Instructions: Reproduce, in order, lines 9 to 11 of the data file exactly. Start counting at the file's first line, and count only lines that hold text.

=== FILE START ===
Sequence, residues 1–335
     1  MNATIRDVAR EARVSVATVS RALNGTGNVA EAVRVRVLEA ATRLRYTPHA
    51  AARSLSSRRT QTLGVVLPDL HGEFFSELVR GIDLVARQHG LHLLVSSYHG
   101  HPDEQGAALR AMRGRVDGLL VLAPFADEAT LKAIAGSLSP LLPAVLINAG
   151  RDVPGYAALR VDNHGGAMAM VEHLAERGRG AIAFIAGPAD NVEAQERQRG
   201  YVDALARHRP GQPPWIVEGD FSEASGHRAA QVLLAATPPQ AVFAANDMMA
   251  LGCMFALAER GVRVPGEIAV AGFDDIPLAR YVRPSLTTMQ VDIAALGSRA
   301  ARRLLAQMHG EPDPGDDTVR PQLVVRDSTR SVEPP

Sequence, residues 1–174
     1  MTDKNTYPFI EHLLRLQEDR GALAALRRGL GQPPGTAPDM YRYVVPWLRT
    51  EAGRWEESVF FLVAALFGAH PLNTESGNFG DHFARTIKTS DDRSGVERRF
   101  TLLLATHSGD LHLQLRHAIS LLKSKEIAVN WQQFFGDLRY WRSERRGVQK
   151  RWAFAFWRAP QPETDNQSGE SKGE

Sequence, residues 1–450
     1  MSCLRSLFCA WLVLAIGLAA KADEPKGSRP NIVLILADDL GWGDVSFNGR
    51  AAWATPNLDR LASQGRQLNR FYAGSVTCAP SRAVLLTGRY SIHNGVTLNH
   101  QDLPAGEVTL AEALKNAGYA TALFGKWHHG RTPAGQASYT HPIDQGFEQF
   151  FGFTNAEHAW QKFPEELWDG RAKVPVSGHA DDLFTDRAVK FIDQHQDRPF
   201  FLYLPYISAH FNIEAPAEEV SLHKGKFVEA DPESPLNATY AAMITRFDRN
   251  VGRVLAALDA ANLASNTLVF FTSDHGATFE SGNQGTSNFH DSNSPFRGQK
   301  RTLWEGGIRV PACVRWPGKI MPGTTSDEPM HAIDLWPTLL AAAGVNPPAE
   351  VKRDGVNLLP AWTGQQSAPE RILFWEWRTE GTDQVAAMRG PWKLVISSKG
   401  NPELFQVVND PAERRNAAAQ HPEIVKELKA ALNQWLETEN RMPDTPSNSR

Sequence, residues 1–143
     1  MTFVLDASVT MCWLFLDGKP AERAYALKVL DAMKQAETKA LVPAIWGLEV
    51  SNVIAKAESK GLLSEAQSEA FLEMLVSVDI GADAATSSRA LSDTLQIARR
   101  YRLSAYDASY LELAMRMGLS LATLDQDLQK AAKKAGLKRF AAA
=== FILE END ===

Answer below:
Sequence, residues 1–174
     1  MTDKNTYPFI EHLLRLQEDR GALAALRRGL GQPPGTAPDM YRYVVPWLRT
    51  EAGRWEESVF FLVAALFGAH PLNTESGNFG DHFARTIKTS DDRSGVERRF